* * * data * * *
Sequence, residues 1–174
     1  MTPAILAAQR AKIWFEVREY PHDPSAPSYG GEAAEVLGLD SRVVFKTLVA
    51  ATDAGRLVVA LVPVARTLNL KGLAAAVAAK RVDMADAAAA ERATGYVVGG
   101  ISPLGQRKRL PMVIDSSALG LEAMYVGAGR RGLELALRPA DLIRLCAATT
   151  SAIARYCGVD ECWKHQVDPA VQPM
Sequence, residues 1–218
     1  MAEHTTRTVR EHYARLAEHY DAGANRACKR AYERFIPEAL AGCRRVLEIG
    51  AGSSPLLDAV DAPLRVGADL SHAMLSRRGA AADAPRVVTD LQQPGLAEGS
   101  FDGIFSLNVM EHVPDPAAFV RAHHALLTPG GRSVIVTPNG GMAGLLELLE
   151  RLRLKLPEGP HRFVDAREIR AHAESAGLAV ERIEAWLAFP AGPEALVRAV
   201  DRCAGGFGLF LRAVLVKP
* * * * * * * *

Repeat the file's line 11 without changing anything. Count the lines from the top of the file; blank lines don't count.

   201  DRCAGGFGLF LRAVLVKP